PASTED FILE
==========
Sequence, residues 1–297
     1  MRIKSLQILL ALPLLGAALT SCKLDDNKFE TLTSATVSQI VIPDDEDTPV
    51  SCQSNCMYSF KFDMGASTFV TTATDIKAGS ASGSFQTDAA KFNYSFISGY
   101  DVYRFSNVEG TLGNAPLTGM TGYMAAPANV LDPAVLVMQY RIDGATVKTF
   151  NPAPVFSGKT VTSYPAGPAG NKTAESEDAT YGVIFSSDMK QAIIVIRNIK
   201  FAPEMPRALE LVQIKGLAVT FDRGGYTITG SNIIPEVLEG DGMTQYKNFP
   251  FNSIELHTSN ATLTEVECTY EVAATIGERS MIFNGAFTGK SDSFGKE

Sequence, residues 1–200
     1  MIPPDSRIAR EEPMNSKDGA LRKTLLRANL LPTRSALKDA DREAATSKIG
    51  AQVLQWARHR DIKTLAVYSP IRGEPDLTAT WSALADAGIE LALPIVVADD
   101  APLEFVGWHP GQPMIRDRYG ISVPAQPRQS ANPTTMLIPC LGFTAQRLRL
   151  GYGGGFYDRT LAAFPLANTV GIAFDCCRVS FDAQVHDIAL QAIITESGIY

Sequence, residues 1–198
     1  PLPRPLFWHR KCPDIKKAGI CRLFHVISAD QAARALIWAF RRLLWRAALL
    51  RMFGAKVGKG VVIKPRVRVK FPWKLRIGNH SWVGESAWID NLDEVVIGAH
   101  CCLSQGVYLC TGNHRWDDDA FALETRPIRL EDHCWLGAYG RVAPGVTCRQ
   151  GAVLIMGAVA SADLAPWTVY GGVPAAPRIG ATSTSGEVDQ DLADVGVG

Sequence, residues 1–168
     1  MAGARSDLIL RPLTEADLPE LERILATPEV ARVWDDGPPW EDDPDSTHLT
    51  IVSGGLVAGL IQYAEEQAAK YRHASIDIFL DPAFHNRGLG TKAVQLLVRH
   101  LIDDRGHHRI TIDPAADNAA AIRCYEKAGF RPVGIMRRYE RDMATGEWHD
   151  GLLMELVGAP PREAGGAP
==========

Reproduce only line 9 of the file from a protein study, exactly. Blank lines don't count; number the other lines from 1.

     1  MIPPDSRIAR EEPMNSKDGA LRKTLLRANL LPTRSALKDA DREAATSKIG